Taking On the Court?
In a recent article in The Atlantic, First Amendment lawyer Marvin Ammori wrote an argument that Obama should run against the Supreme Court and make it an issue in the 2012 campaign. Starting with reasons not to do so, he quickly comes to the conclusion that Obama should discard those reasons and attack.
The first reason is strategic. Obama’s approval rating stands near 47% while that of the Court is at 46%. Conversely, the approval rating of Congress is 12% He claims that is deceiving in that a 2010 poll indicated that 67% of respondents could not name a single Justice and he attributes this to ignorance on the part of the public towards the Court. Clearly, this is an indictment on civics education in this country, but an indication of general ignorance I think not. Perhaps, the approval rating is 46% despite not naming a Justice because Americans, generally speaking, hold the Court in high regard despite their alleged ignorance. But, Ammori has a plan for that which will be explained shortly. He also notes the Court’s approval rating has dropped 15% over the past decade which he says is because the “Court has become more conservative and political.” Iy may just be that government in general- all three branches- has become less popular and that the Court got swept up in the vortex.
His second reason, summarily dismissed, is propriety. That is, the Court should be afforded the respect it is due since it is the final say on the Constitution. However, he then asserts that anything in politics is fair game for attack and that the Court is political. Naturally, his two smoking guns are two decisions which are stuck in the craw of the liberal mind- Bush v. Gore and Citizens United. At one point, he waxes poetic about the possibility of a Gore Presidency. Like most other liberals, he litigates yet again a decision from the past. In fact, most liberals will assert Bush v. Gore is the point at which the Court lost legitimacy. They remain ignorant of a decision from the 1970s dependent on penumbras and emanations.
At the risk of doing the same, some history is in order. There were actually three decisions from that debacle in Florida in 2000. The first sent the issue back to the Florida Supreme Court which basically ignored the Supreme Court forcing the case back to Washington. The second- and most important- decision found an Equal Protection violation by a 7-2 (NOT 5-4) vote. They then moved to the solution given the time constraints of certifying electors according to Florida law. That was the infamous 5-4 decision that stopped the recount and certified the state for Bush. The minority in that decision believed that the recount could be continued and that there were political, not judicial, ways to get around the Florida law. Breyer’s dissent is especially interesting when he revived the 1876 election of Rutherford B. Hayes as an example of a political solution. That election was resolved through Congressional horse trading where Hayes got the Presidency and the South had federal troops removed, financial help with reconstruction efforts and a Southerner in the cabinet. While railing about the sanctity of votes out of one side of his mouth, his template “solution” involved anything but voting or the will of the people. Ammori also fails to mention that four of the current nine Justices were not on the Supreme Court in 2000.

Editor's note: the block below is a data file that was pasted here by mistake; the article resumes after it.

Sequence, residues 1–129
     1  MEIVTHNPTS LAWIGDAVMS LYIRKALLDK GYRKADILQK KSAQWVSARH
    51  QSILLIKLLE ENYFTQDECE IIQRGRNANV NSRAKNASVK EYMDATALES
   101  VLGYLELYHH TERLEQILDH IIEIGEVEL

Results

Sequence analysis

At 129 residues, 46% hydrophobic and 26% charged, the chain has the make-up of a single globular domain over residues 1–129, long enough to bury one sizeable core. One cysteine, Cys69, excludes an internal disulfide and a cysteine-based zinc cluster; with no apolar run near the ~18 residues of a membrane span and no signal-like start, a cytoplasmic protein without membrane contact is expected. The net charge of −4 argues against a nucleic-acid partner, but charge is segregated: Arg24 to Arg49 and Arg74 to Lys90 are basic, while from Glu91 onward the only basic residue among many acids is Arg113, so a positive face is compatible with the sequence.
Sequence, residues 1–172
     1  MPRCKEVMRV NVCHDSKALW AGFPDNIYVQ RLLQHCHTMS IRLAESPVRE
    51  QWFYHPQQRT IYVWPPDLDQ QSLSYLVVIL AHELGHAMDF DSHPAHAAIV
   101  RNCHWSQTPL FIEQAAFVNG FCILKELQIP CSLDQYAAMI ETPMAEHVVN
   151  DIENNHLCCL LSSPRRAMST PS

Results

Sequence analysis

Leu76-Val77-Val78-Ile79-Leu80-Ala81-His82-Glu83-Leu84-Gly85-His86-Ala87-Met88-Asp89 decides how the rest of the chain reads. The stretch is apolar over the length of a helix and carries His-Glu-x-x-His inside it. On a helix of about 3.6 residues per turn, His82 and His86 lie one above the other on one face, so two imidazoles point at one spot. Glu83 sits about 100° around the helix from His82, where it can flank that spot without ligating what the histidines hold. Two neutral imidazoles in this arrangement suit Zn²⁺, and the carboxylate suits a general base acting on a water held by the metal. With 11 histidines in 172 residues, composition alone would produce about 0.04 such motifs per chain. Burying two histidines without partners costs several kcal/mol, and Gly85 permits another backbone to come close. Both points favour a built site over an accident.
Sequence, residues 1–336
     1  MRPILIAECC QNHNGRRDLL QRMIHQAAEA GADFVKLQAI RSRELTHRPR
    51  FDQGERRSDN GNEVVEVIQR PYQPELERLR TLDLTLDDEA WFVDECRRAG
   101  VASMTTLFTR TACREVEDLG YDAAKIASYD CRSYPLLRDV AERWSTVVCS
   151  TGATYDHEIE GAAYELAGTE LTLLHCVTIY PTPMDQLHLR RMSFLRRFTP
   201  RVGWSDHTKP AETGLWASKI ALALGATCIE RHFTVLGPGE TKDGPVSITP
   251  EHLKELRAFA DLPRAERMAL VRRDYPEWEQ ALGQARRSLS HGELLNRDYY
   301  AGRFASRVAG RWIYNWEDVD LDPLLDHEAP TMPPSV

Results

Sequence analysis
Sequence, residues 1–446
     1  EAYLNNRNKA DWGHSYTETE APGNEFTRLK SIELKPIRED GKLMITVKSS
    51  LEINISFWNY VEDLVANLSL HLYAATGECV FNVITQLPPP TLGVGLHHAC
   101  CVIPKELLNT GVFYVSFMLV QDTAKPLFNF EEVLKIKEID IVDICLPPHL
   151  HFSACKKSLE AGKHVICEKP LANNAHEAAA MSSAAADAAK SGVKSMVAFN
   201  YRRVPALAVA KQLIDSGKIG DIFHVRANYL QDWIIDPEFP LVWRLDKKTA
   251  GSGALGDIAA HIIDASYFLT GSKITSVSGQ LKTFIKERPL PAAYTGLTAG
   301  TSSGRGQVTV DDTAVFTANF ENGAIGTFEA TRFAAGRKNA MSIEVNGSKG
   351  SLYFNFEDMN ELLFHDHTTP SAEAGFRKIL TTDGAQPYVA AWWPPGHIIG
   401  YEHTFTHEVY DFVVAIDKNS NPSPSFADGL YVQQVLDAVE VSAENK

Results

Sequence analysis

Then, of course, Ammori launches into the expected attack on Citizens United. But then in a strange twist, he marshals forth his liberal brethren, through the mechanism afforded by Citizen’s United, to begin a concerted advertisement campaign to “introduce” (read: define and disparage) the five conservative Justices. Further, he states that Obama can sit back and reap the benefits of the negativity through plausible deniability. Thus, it would appear, in typical hypocritical, liberal fashion, Citizen’s United is evil if it allows conservative groups and corporations to engage in political speech, but perfectly acceptable if the message advances a liberal cause.
Ammori cites several poll results in his article- approval ratings of the Court, Congress and Obama, the fact few people can name a Justice, 80% disagree with Citizen’s United, 50% of people think that Congress is corrupt. However, he conveniently fails to mention the most important poll figure in the health care reform debate- the fact that 60% of Americans simply dislike Obamacare. Should the Supreme Court strike down the law as Congressional overreach under the pretext of their enumerated powers without any limiting principle on a government predicated on limited and defined powers, they would be striking down, at the end of the day, an unpopular law. He also neglects an equally impressive statistic, better than any poll- the results of the 2010 midterm elections that swept the Democrats out of control of the House. A great deal of that phenomena was motivated by a backlash against Obamacare and the process that spawned 2,700 pages of bureaucracy, mandates, and taxes.
As I was writing this, I thought about how this allegedly political, conservatively activist Court struck down several key provisions of Bush’s war on terror with their decisions in Hamdan v. Rumsfeld and Boudemiene v. Bush. Did Bush chastise the Supreme Court to their faces in a State of the Union Address? Did Bush mangle 209 years of Supreme Court jurisprudence in a Rose Garden hissy fit? Obama could and should take a cue from his predecessor. The fact is that he has made the case for Obamacare only among his ilk, not the majority of Americans. Obama, an alleged constitutional scholar and “law professor,” should aspire to be half the man Bush was. And it makes you kind of thankful the Supreme Court got it right in 2000.